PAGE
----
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email, everyday social networking, lobbying, media

“Email is dying – discuss.”

There’s something I want to talk about. According to Jessica Vascellaro of the Wall Street Journal, email is dead and is being trampled on by big bolshy new kids on the block like Twitter. What? “Email has had a good run as king of communications.

But its reign is over,” says Vascellaro. Que? Lean news week at WSJ was it?springs to mind.

A bigwig at a US strategy consulting firm argues email is “the largest social network.” Hmmm . . . He also writes that the worlds of email and social networks are merging which seems more probable than one actually killing the other off. You have to have an email account to be on social networking sites like Facebook and Twitter but not everyone with an email account needs to be on a social network site he says.

Apparently email grew 21% between 2008-2009 (I’m guessing because of this). Hotmail alone has 375 million registered users – that’s hardly what I’d class as anywhere near close to dodo status – and the growth of social networking is only going to add to the need for email.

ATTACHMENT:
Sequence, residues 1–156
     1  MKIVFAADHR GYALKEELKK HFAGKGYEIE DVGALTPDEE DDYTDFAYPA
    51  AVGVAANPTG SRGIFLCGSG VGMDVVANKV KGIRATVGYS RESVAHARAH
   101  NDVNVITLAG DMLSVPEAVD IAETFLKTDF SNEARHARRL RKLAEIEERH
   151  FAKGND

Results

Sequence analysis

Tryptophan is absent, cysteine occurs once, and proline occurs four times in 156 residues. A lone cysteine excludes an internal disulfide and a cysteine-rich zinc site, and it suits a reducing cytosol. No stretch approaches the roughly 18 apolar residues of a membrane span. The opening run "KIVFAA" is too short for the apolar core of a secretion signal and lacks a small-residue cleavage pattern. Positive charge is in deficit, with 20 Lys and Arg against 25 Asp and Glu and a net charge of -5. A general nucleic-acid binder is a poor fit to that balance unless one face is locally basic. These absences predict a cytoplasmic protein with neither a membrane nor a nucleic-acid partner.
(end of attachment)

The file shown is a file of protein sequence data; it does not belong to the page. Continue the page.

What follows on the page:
One argument from someone on a mailing list I am discussing this topic said few new technologies have ‘killed’ an old one. “What new technologies usually do is do part of what one or more old technologies did much better while making old technologies focus on their strengths.” And he gave examples:

– Print Press vs Books vs Radio vs TV vs Internet vs Mobiles
– Horse and Cart (now used just on some farms) vs Canals (now used for living and pleasure trips) vs Trains (still king for short-medium distances and large loads across land) vs Trucks (smaller loads across loads with end-to-end delivery vs Boats (long distance, slow spoiling loads) vs Planes (passengers and high-value fast spoiling loads)
– Letters vs. Phone Calls . . .

You get the picture.

Lauren Miller, director of email programmes at a design and web development company highlights President Obama’s 13-million person email list was one of his most important political weapons during the campaign. The campaign sent more than 2 billion messages during the race – the source of most of the $500 million raised online.

She says (she would) that email has the ability to tell stories, build relationships, and drive action with supporters in ways that an insulated Facebook fan page and a 140 character tweet have yet to do. I’m not sure I agree.

This all throws up another question: when can I stop being on my guard that an interesting argument or discussion I see online or through a social network or mailing list I am on hasn’t stemmed from a PR stunt, isn’t astroturfing or link bait? And by contributing I am helping them reach their goal of more clicks? Actually, if it spurs an interesting discussion, I don’t care.




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